LONDON — The ITV company Granada has struck two more pilot deals, with CBS and Fox Broadcasting, to create American versions of its hit British shows.
This follows ABC’s decision to order another nine episodes of Granada’s “Cracker,” bringing the series to a full 22 episodes.
Granada Entertainment USA, the company’s American production arm headed by Scott Siegler, has pacted with CBS to shoot a pilot based on “Sunnyside Farm,” a culture-clash sitcom about rich yuppies moving into a rustic community.
It will be written by Hugh Wilson, best known for “The First Wives Club” and “WKRP in Cincinnati.”
Granada has also signed a firm pilot commitment with Fox for an American version of “Holding the Baby,” a sitcom about the trials and tribulations of a single dad. Granada Entertainment will produce in conjunction with Twentieth Television. This pilot will be written by Howard Morris.
Another network is vying with a leading cable web to adapt a third Granada sitcom, “Cold Feet.”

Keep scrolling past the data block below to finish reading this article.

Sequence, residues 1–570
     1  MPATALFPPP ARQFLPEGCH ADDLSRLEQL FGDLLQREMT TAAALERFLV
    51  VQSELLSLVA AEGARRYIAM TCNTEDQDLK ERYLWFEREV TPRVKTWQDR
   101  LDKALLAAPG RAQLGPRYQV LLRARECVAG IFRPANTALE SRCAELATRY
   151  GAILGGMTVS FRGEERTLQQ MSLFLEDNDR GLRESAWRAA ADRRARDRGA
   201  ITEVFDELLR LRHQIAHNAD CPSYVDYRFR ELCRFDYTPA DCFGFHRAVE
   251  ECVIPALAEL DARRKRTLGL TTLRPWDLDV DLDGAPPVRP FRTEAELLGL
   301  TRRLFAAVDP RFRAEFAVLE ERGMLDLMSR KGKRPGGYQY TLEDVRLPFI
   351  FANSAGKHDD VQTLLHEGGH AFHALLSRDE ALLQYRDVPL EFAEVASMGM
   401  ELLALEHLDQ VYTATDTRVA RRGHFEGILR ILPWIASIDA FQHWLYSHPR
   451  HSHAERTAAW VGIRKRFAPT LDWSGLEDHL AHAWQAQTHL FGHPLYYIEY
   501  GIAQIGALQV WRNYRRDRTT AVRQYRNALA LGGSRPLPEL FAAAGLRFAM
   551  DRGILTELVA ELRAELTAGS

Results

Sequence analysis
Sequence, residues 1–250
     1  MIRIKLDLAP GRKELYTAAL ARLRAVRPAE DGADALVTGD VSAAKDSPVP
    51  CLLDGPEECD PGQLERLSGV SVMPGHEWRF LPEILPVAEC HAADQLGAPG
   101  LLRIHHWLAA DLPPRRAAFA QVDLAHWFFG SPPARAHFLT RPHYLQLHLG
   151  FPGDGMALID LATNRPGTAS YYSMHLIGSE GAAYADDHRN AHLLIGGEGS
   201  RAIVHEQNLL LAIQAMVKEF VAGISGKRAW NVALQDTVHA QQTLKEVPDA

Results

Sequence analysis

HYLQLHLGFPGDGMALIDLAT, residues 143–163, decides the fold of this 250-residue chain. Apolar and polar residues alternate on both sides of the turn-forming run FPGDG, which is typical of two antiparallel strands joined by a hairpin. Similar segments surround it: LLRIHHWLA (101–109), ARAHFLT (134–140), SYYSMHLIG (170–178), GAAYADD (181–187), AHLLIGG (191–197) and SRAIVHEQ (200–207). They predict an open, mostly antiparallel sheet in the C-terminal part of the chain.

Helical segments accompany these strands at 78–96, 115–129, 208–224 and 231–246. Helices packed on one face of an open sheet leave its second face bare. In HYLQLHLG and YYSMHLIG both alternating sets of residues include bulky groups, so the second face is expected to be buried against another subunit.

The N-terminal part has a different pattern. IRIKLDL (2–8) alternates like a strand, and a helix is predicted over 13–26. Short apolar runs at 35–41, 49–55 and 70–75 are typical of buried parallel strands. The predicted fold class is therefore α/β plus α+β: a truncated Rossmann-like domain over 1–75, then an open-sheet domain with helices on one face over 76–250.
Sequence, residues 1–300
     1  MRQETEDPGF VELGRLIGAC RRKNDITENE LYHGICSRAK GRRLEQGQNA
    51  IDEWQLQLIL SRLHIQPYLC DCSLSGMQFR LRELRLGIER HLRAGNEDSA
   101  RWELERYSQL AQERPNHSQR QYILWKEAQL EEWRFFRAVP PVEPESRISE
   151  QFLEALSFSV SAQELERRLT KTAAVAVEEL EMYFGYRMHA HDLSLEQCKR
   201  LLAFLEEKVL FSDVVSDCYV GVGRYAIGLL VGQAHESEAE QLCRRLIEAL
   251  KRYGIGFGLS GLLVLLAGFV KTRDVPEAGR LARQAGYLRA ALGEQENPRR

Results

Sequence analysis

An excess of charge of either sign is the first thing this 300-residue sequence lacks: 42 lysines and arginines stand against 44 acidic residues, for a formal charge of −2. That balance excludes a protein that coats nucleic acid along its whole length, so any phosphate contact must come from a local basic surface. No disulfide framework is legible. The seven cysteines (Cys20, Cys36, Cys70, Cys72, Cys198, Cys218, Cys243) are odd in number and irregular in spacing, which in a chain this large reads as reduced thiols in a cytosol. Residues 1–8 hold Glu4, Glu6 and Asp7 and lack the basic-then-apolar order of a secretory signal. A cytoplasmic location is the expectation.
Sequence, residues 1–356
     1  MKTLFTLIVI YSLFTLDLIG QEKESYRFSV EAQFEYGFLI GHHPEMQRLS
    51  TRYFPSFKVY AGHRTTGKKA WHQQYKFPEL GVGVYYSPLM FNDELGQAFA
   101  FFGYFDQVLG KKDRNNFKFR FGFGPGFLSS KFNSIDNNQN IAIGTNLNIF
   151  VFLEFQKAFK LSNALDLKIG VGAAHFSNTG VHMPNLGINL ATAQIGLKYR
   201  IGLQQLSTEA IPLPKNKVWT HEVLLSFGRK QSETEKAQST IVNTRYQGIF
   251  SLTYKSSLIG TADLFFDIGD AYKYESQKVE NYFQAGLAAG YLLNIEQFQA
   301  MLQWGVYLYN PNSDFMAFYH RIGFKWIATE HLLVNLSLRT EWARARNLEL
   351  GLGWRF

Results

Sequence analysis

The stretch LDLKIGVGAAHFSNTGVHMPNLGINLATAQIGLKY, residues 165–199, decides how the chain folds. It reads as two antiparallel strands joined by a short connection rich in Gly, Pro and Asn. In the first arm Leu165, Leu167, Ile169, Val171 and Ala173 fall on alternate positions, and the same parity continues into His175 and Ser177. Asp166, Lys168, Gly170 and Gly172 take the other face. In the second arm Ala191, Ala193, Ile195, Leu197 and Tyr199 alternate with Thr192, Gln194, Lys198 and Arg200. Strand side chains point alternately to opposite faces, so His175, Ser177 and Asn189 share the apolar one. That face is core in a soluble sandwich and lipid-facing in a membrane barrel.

As with the original “Cracker” deal, all of these pilot commitments were brokered for Granada by William Morris agents Ben Silverman, Greg Lipstone and Gerry Katzman.
ABC’s decision to renew “Cracker,” despite poor ratings, represents a major triumph for the British company. “Cracker” was the first British drama series to be commissioned by an American network, and the show is the spearhead for Granada’s drive into the U.S. market.
With the latest order, Granada will have produced more American episodes of “Cracker” for ABC in one year than the total number of British episodes it has made for ITV over six years.
The American show, retitled “Fitz” for the foreign market to avoid confusion with the British original, is already in profit for Granada, based on sales to more than 70 countries.
ABC was encouraged to renew the show, which has had some critical plaudits, on the strength of its demographics more than its ratings.
Andrea Wonfor, joint managing director of Granada Prods., said, “We are delighted that ABC have shown their commitment to the program and its high production values by giving us the greenlight for a further nine episodes. Research has shown that the series has got a very good viewer profile, particularly with the upper end of the market, so we have got much to celebrate.”